Know When to Stop or Step Aside

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I am guilty of the same error that many writers are guilty of: Because I fear rejection, I quit writing. I’ve done it in the past, I’m doing it now, and I will likely do it in the future. But the fear of rejection should not result in my NOT writing.

As a writer I know once said, “If they don’t like your stuff, write new stuff!” Rather than banging your head against a dead-end , wishing that your readers would respond to what you are writing, turn and try another path. This could lead to a new genre, or just a new idea in your current genre. It will certainly help to open new horizons for you, horizons that might offer pay dirt, or at least potentially a more fertile arena.

I have many starts in my writing files — and far fewer finishes. These arrested starts still call to me, and there is a chance that I will get back to a few of them in the future, though certainly some are fatally inert and best left that way. But I don’t see these unfinished creations as a waste of time, or as failures.

What I have found is that stepping away when I am having trouble writing often frees my blood circulation, literally and figuratively, allowing me to see a way around my writer’s block, or to recognize that the block is too massive to overcome and I’m just wasting my time assaulting it.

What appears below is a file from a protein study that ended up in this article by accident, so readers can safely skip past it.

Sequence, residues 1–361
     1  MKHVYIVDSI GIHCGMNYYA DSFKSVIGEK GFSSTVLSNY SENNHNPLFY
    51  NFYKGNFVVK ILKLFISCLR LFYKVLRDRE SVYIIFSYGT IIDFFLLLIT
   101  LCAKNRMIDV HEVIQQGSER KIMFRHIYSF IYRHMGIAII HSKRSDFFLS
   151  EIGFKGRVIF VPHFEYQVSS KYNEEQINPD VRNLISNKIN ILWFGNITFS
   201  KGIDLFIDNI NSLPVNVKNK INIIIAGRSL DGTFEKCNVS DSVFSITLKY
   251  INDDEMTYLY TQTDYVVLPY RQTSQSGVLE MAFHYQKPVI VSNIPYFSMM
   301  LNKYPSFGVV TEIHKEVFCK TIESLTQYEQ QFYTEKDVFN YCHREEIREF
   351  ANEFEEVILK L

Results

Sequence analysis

The best thing I can do at that moment is to abandon the path I am on and seek out another, where my creativity can thrive and sing on the page.

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HOWEVER, that is not to say that we writers should abandon every project when it gets hard. Certainly not. Part of the fun of writing is pushing through the obstacles, getting over hurdles, finishing what we started because we know it’s worth it. The fun is seeing how you can find creative ways past those obstacles. Typically, your writing is stronger because of those challenges overcome.

But know when it’s time to call a halt. Sometimes, certain paths just shouldn’t be followed. You’ll know when it’s time.

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Editors Are Not Your Friends

It’s a fact: Editors are not your friends. You pay us to be more.

So many times, I’ve received a manuscript to edit where the author has informed me that it has been read several times, “and my family and friends love it,” so it should need very little editing. They send the manuscript to me just to check off the Edit box before launching it for publication.

Inevitably, I have to tell the author that the manuscript needs so much more than a pat and a kiss before being sent into the world. This isn’t mean-spiritedness on my part; it’s what I am paid to do. I am both cheerleader and trail guide.

It is my job to look at all aspects of the book, separate from who wrote it, which is something that friends cannot do. I can tell the author that the characters aren’t fully developed, or that they are a bit stereotypical. Or I can point out flaws in the plot, or gaps in motivation. Again, I’m not being unkind. I am showing the author how to improve the story.

That’s not to say that I won’t be positive and encouraging. I am always happy to cheer, as well, emphasizing what is right and strong in the book. My task is to help an author achieve that power throughout the book.